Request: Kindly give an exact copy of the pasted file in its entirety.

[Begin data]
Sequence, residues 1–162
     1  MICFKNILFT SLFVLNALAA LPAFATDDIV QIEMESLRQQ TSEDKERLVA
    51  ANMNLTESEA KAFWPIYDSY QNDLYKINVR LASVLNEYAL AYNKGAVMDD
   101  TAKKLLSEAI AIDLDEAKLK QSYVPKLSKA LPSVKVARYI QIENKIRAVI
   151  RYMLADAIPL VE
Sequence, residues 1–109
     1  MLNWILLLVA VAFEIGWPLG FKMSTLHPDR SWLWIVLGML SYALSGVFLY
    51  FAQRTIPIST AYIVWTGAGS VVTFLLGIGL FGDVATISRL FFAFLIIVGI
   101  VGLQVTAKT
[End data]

Sequence, residues 1–162
     1  MICFKNILFT SLFVLNALAA LPAFATDDIV QIEMESLRQQ TSEDKERLVA
    51  ANMNLTESEA KAFWPIYDSY QNDLYKINVR LASVLNEYAL AYNKGAVMDD
   101  TAKKLLSEAI AIDLDEAKLK QSYVPKLSKA LPSVKVARYI QIENKIRAVI
   151  RYMLADAIPL VE
Sequence, residues 1–109
     1  MLNWILLLVA VAFEIGWPLG FKMSTLHPDR SWLWIVLGML SYALSGVFLY
    51  FAQRTIPIST AYIVWTGAGS VVTFLLGIGL FGDVATISRL FFAFLIIVGI
   101  VGLQVTAKT